Western partnership not the only way

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Recently in Moscow, Russia

THE former US Secretary of State, Hillary Clinton in 2012 ‘warned’ Africa to consider partnerships with more ‘responsible’ countries like the US and the rest of the West and not with ‘exploitative’ countries like China, Russia, Brazil and India. Sadly there are some Africans that seem to agree with this notion and do not see these emerging new powers as allies. One African Ambassador in Moscow, during their meeting with the current Chairman of the African Union (AU), President Robert Mugabe asked if China’s relationship with Africa was not an exploitative one. To those in the know, the irony was apparent. Today France, one of the so-called responsible countries, still collects colonial tax from 14 of its former colonies. The 14 ‘republics’ are expected to pay the former colonial master for the benefits of colonialism and slavery like the buildings that France constructed and the general modernisation programmes that France undertook in the colonies. In fact, France has the first right to ‘buy’ any natural resources found in the land of its former colonies because it owns that resources. Only after France has had its fill or is not interested are other countries allowed to seek to be partners. And another ‘responsible’ ‘super’ power, Britain brings investments and aid that come with a load of strings attached. For instance, when Malawi decided that as a sovereign nation they did not want to recognise homosexuality as a fundamental right, they found themselves in murky waters. It is said about 60 percent of Malawi’s budget was funded by the British and Britain cut off aid. That was the time President Ngwazi BinguWaMutharika died in 2012. In Zimbabwe when the black people suddenly decided they had enough of Britain and America dilly dallying on the issue of land reform and took back the land, the country suddenly found itself under economic siege. Africa in its business dealings with the West has learnt that these are not partnerships of equals, but the relationship of the horse and the rider. Organisations that deliver ‘aid’, ‘support’, ‘investment’, the Bretton Woods institutions, the International Monetary Fund (IMF) and The World Bank, are nothing, but Western loan sharks, Africans now realise. Nothing good has ever come out of them. No country that has adopted policies from these ‘development’ partners have prospered. Their structural adjustment programmes have broken more economies than replenish them. Thus when President Robert Mugabe met with African envoys in Moscow, he emphasised the importance of the relationship that Africa is building with the China, Russia and other members of the BRICS. It is a relationship premised on mutual respect, equality and is a true partnership. The nations by virtue of never having been colonial powers have come to the African table with no airs of superiority or arrogance “We should look at the principles of the government that wants to help us,” President Mugabe said. “The Western way is not the only way.” And the South African President, Jacob Zuma expressed similar sentiments. In an interview with Russian Television, he said Western ‘colonial’ states are not interested in Africa’s development, but its natural resources. “The Europeans came to Africa to colonise us in the 19th century and they have been taking our natural resources ever since,” he said. President Mugabe made it clear that it was time the so-called superpowers stopped abusing their ‘power’ when dealing with Africa. “We are people with abundant love and welcoming, but let not the world take advantage of that,” he said. Russia’s partnership with Zimbabwe will be different. The two countries’ relationship goes way back to the Second Chimurenga. “When our country celebrated its independence in 1980, we paid tribute to the support of the Soviet Union and China, who helped us in our liberation.” the President said. During his meeting with President Mugabe, President Vladimir Putin drew attention to the bilateral agreements between Zimbabwe and Russia affirming their continued support. “We are always looking to continue developing our relations on new foundations, adapting them to today’s demands while at the same time making full use of the positive legacy from the past,” President Putin said. “For this reason, we must work together,” President Mugabe echoed the sentiments. In 2008, Russia together with China vetoed a United Nations (UN) resolution against sanctioning Zimbabwe. Russia has cancelled almost US$11, 2 million African debt accrued during Soviet Union era. Currently, the Russians have entered into a multi-billion-dollar platinum project in Darwendale with Zimbabwe. The major difference between Russia and many other countries is that it does not lack natural resources needed for its own industrialisation. With the sanctions placed on Russia’s energy sector, Russia faces a depletion of commercially comfortable deposit reserves. Russia, according to pundits, has preferred to invest in already established players as development of new deposits may take 10 or more years to design and put into practice, a time it does not have as it reels under sanctions imposed by the West. While the Russian industry lack certain minerals such as manganese, chromium, bauxite which are abundant in Africa, the country’s economy is not critically dependent on African resources Russia exports weapons and technology to Africa that other countries in the West are not ready to share with the continent. Hence Russia brings a special kind of partnership, a responsible one, not based on greed and selfishness, but mutual respect.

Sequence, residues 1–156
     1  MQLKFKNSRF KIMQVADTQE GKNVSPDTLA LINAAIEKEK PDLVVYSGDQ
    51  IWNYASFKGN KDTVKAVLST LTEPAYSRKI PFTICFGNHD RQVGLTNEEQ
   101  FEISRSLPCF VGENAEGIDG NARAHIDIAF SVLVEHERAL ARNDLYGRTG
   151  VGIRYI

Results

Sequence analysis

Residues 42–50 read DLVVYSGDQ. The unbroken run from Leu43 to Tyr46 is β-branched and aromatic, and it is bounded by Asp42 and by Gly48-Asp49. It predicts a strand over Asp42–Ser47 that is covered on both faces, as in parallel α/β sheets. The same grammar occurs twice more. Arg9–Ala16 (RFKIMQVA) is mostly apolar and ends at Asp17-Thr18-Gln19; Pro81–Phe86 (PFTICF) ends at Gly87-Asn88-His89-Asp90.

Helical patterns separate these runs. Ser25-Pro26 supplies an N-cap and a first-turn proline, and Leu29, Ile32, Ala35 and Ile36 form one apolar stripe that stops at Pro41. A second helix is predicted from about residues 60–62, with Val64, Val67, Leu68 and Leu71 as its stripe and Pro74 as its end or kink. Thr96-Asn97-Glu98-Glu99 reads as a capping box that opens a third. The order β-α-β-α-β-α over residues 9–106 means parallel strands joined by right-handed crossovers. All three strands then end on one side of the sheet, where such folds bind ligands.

1 COMMENT

  1. If Russia is selling weapons to Africa there are two things involved now, either contributes to security or promotion of violence .Think about it

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